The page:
So. There are a bunch of disenfranchised, self-ascribed “former believers” (as noted in the advertising bylines, like the ones bellow) who have acquired a substantial amount of funding to promote a message of humanism or atheism during this holiday season.
A Holly Jolly Christmas, indeed!
However, the reaction of certain self-ascribed “current believers” (a term I feel free to substitute for the various shades of “christian” represented by those unnerved by this new ad campaign) suggests that these humanist and atheist groups are really offering a “humbug” (á la Scrooge) to our yuletide cheer.
Which is it? A new addition to the holiday list, another festivity to compete with Christmas or Kwanzaa, or a more diabolical effort to usurp the faith of believers?
Well, I’m not sure, but I’m also not that concerned. Here’s why.
The arguments leveled against religion, particularly Christianity (the only faith tradition I feel comfortable speaking from, I leave the Jewish and Muslim responses to others), are done so with noticeably sloppy and rigor-less effort. Take, for example, the American Humanist Association‘s new campaign offering a “point-counterpoint” approach to highlighting how the holy texts of various religions “have no right to claim higher moral ground.” (Something that Sam Harris has also asserted recently with the publication of his latest book). It doesn’t take someone who teaches religious studies or theology at the college level (which I do) to realize that the textual excerpts are taken both out of context and treated without the proper textual analysis (historical-critical study, literary criticism, sociological analysis, synchronic and diachronic study – just to name a few), something which is standard for any scholar of religion. Take this example:
This weird sort of reading of scripture would make even the most literal biblicist uncomfortable. What does Jesus mean here? Is Jesus, as portrayed in the Gospel of Luke, advocating hatred? That would be awfully hard to posit. Nevertheless, the days of Glenn Beck-esque: “just asking the questions…I’m not saying that,” have undoubtably influenced even those who wish to promote godlessness (literally). One doesn’t need to justify his or her implied assertion if he or she never actually says that “Jesus promoted hatred.”
That’s my “simplistic” reason for why the atheist campaign is immaterial. It’s not very logical and isn’t well constructed. Those who would be “convinced” or “converted” to public advocation of the nonexistence of God by such advertising are most likely those who already espouse this outlook. In the meantime, it’s just a lot of commotion that will inevitably be made into something much larger than it deserves to be by people who get enraged by these sorts of things. Not a big deal.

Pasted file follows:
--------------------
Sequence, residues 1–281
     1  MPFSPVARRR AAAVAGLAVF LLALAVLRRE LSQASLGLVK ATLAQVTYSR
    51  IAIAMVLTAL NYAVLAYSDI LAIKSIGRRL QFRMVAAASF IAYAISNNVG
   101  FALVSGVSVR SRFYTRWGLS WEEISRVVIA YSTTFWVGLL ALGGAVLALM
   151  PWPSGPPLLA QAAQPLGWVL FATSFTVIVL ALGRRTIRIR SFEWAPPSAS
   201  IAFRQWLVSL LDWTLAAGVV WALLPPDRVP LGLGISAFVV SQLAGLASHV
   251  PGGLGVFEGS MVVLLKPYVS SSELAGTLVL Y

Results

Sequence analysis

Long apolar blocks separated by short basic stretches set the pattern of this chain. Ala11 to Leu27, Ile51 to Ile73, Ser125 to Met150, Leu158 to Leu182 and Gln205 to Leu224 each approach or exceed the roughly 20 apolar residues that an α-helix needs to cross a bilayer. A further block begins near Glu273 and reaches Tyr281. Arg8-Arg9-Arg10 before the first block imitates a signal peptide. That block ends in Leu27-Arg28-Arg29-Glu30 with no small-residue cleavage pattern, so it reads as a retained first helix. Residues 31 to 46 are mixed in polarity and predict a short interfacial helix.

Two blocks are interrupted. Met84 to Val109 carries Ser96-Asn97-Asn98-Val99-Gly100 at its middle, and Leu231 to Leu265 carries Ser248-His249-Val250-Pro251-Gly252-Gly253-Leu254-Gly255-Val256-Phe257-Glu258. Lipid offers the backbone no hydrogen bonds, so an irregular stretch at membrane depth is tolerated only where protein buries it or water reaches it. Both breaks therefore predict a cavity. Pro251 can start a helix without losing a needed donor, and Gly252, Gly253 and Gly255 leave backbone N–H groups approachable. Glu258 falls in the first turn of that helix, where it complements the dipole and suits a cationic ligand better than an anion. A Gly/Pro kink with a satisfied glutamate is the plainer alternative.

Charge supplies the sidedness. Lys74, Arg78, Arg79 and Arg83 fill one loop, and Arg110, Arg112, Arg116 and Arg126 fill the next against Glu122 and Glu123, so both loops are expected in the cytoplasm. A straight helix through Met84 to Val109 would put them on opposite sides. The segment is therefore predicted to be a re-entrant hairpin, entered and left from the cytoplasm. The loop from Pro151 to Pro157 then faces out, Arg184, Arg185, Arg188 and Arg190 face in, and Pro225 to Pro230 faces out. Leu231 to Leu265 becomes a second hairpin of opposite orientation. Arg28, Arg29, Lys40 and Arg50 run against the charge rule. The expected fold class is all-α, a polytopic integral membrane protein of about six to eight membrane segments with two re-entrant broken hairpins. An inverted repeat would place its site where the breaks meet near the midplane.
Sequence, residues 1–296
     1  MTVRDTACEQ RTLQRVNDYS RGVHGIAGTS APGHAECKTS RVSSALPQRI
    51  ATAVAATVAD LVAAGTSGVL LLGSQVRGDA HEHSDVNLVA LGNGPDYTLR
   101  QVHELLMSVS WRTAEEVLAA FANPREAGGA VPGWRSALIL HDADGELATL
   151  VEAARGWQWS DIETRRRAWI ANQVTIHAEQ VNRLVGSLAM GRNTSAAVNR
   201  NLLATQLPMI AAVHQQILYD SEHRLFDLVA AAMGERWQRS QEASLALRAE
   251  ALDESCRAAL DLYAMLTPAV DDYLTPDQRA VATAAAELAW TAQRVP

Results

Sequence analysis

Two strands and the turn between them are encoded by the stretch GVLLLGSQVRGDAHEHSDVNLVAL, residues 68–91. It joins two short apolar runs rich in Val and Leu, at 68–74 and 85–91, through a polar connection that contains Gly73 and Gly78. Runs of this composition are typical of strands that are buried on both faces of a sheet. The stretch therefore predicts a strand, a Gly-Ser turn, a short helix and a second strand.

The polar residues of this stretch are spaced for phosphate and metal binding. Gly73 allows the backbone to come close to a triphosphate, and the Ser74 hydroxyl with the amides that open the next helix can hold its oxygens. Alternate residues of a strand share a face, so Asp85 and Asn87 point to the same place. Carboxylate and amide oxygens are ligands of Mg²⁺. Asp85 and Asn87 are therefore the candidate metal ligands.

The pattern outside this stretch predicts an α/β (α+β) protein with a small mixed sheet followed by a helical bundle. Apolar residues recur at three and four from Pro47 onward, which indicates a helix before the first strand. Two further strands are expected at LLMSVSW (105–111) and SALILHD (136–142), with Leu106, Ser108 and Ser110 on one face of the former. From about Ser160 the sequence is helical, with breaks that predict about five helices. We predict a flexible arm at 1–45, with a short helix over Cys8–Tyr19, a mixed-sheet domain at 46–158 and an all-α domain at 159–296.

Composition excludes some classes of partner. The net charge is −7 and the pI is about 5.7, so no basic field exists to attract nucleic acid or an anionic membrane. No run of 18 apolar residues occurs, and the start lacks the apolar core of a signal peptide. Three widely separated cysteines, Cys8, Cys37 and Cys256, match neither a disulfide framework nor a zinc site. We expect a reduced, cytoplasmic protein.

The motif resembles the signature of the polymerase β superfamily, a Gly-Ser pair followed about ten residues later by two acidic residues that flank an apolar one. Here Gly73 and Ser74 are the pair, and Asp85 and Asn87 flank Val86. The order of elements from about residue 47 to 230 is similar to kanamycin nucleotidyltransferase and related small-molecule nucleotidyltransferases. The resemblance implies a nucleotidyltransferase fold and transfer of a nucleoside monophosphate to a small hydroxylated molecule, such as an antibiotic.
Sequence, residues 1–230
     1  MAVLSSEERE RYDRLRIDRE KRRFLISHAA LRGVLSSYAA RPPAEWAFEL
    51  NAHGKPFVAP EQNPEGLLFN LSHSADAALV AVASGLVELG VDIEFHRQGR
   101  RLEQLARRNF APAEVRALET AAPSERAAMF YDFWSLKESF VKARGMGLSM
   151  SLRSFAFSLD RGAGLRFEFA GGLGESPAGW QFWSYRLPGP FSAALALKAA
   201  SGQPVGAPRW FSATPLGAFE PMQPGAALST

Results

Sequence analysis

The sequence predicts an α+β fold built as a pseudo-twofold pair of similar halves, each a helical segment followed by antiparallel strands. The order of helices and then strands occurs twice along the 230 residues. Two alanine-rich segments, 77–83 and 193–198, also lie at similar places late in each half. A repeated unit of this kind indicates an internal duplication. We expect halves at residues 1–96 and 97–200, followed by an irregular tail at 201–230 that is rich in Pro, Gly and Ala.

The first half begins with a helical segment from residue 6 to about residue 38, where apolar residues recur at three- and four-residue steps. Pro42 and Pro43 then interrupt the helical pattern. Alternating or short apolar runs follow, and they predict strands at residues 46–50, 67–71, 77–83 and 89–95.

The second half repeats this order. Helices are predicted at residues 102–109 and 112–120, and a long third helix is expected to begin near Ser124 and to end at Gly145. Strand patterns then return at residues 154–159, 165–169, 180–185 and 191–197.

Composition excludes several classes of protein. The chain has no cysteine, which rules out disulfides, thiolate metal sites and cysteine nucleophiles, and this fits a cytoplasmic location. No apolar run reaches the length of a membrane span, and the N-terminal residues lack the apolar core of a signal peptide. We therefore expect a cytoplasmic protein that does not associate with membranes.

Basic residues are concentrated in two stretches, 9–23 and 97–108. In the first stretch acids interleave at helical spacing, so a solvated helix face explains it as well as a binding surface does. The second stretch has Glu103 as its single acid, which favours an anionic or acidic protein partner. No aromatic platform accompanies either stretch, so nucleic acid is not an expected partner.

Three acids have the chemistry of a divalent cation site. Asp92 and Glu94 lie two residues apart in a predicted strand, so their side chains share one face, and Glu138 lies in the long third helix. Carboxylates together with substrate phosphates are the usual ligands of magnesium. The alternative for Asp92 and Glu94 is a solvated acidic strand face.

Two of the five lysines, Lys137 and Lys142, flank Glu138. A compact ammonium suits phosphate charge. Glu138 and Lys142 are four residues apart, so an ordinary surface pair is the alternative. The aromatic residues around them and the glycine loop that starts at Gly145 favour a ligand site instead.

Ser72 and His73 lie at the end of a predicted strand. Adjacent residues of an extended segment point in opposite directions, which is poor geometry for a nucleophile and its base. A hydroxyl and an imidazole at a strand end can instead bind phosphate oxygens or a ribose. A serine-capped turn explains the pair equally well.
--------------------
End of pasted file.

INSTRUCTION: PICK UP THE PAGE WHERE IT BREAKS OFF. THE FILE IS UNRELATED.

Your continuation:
My less-than-simplistic reason for why the atheist campaign is not a big deal has to do with transcendental theology. It’s curious that after reading the article about this in the New York Times this morning, I was answering some questions on the theology of Karl Rahner for someone preparing for a test. One of the things I was reminded of in that conversation was Rahner’s argument for how, essentially, “atheists” are self-defeating in that all this talk about no God (or “leaving God behind” or whatever) actually reinforces the transcendental significance of the term “God” as representative of the absolute mystery, or source of the infinite horizon of human subjectivity and personhood.
In other words, all this effort to “deny God’s existence” really only results in the assertion — albeit an unintended and indirect one — that God (whatever that word means) does in fact exist. Wouldn’t it seem much more logical to just not make a big deal about this at all? If you don’t believe that God exists and you are certain of that, why go through all this trouble (and money) to make that point?
Which gets me to, briefly, yet another theological concern I have with all of these shenanigans. That is, what is this “God” that these atheists and humanists are so keen to deny? I seem to think that this sort of atheism is quite possibly a mutated form of super-generic theism. There is a desire on the part of these folks to assert the value of some generic human value and morality, which consists of impersonal, yet universal meaning. Sounds a lot like theism to me (hence my use of parenthesis in the post title!)
Frankly, the “God” that these advertisers do not believe in is also a “God” that I don’t believe in. I believe in the God, YHWH, who is Deus Pro Nobis and deeply relational. I believe in a God that has created us Imago Dei, as subjects and persons, with freedom that arises from our ability to transcend the finitude of our creatureliness. I believe in a God that, from all time, desired to enter creation in a new and unique way in the Incarnation.
I also don’t believe in Old Beardy McBeard-God, who resembles a combo of Santa and Zeus. So maybe there is something to this comment in the NYT today:
Several of the campaigns are pitched not just to nonbelievers, but also to liberal believers who might be alarmed about breaches in the wall of separation between church and state. The atheist groups believe that people who are religious and politically liberal have more in common with atheists and seculars than they do with religious conservatives.
True – insofar as I also do not believe in their theist God, yet want social reform, civil rights and healthcare for all, and a host of other issues advocated by the principles of Catholic Social Teaching!
Ultimately, I think this whole advertising campaign is silly. It’s not really a big deal at all.